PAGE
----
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The question has arisen in my mind on whether when a mage has cast a Magnificent Mansion (5e) while on an object that is in motion (boat, airship, giant alpaca, etc), would the doorway to the Mansion then remain static in place?

The relavent wording from the spell:

You conjure an extradimensional dwelling in range that lasts for the duration. You choose where the entrance is located. The entrance is 5 feet wide and 10 feet tall [...]

I could see that this would indicate that the mage has chosen the location to be the giant alpaca and as such that is where the door would remain located. Or that the mage has chosen the place in space that the door is located and as such the door would remain there despite the alpaca continuing to move forward. Or perhaps something else might occur...?

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Your DM decides

D&D is not a physics simulation. D&D is a game that makes simplifying assumptions to support gameplay. In practical terms, this normally means that immovable effects are immovable relative to the frame of reference of the game action. Often, if you use a battlemap, they do not move around on that battlemap.

For example, if you are moving around on a flying carpet the zips across overhead, then the entrance could be stationary relative to the the overall area, not the carpet. If you are all on a sailing ship drawn on the map, and a sea monster attacks, the entrance could be stationary relative to the ship. Or your DM could rule it will be stationary to the ocean, and the ship will sail on, leaving you stranded in the mansion.

As the rules do not really explicitly speak on this, it will be up to your DM to adjudicate what the frame of reference is (a conclusion also supported by the many linked related questions).

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  • \$\begingroup\$ Appreciate the answer. So many questions ultimately fall into this category I suppose but that is the primary job of a DM! Adjudicate and maximize the fun. \$\endgroup\$
    – VerasVitas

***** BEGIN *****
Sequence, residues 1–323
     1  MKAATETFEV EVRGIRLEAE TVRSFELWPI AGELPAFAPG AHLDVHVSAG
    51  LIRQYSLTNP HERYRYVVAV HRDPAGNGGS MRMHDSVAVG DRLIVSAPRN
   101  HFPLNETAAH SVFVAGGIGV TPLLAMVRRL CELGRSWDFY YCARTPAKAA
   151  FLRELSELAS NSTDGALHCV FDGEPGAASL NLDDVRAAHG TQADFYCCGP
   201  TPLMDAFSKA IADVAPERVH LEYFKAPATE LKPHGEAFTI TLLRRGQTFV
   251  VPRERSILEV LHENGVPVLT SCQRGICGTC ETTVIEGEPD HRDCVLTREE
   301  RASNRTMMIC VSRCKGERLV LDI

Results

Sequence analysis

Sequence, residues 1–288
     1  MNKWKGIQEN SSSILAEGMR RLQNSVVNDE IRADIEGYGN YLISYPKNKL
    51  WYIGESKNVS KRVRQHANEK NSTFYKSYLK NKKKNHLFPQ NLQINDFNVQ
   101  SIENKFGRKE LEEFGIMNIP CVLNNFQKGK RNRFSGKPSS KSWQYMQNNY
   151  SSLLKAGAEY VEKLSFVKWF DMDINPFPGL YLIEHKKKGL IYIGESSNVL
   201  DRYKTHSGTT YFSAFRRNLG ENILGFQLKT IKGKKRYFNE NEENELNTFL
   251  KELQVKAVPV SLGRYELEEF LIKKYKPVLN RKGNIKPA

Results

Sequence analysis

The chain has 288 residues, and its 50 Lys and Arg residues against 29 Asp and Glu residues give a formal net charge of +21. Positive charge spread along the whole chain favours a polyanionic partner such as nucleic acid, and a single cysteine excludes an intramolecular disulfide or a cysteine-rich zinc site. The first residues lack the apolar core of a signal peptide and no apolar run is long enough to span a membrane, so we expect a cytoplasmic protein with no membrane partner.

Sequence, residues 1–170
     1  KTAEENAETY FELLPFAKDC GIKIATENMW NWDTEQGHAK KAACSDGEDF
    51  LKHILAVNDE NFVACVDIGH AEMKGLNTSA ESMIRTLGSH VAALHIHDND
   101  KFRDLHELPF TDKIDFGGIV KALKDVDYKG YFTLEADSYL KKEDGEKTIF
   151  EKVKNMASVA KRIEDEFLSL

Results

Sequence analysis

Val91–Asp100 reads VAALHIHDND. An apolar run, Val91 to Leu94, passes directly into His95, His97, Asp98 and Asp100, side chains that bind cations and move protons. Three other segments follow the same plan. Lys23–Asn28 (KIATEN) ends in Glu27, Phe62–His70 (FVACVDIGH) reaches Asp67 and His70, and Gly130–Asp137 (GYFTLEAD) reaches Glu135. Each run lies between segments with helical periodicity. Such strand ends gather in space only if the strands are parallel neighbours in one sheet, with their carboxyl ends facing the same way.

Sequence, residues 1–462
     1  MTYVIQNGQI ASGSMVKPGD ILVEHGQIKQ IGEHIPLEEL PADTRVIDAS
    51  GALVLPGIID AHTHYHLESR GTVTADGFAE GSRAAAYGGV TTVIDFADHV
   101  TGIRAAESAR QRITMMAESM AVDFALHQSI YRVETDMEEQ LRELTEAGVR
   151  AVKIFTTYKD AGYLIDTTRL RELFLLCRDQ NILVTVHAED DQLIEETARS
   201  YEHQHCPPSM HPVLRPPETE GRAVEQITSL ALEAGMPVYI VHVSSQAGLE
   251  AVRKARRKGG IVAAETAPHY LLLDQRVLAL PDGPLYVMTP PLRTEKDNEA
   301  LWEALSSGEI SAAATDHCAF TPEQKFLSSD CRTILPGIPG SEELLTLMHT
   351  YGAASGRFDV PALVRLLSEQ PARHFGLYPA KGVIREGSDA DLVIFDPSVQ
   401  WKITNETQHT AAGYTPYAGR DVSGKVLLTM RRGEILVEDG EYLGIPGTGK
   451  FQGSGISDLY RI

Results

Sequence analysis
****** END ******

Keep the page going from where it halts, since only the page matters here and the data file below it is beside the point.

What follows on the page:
Mar 16 at 16:48
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Everything is moving

Unless you choose the one extremely specific frame of reference where it isn’t.

The planet revolves and orbits the star. The star orbits the galaxy. The galaxy moves in rather complicated ways with respect to the local cluster and so on.

Or, maybe your world is more fantastical and takes place on a disc with a central volcano that spews new land while old land around the edges breaks off an floats away? And civilizations have to migrate to the Centre or collapse. Hang on ... I have to write this stuff down for my next campaign.

Anyhoo, this spell is way less problematic than the ones that create immobile stuff without telling you what they are immobile with respect to. Here the rules say you “choose” where to put it. For mine, that means you can choose the frame of reference.

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    \$\begingroup\$ "Everything is moving" is certainly a modern Physics interpretation, sure. It is not obvious that any particular game world operates under these rules, however. If I'm riding a giant eagle toward something, my arrows fired at it don't do more damage than if I am flying away. A magic spell's definition of what is "moving" doesn't have to correspond to the RW any more than a transformation spell has to obey conservation of mass. \$\endgroup\$
    – Kirt
    Oct 17, 2020 at 17:02
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    \$\begingroup\$ @Krit AFAIK both Forgotten Realms and Eberron are also moving but not via the same mechanism that planets move in our universe. \$\endgroup\$ Oct 20, 2020 at 23:13
  • \$\begingroup\$ @Kirt your arrows don’t do damage because of momentum or energy or any physical concept - they do damage because the rules say they do. \$\endgroup\$
    – Dale M
    Oct 21, 2020 at 0:32
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    \$\begingroup\$ @DaleM I think that is my point - the rules are not making an attempt to model RW physics principles. \$\endgroup\$
    – Kirt
    Oct 21, 2020 at 3:49

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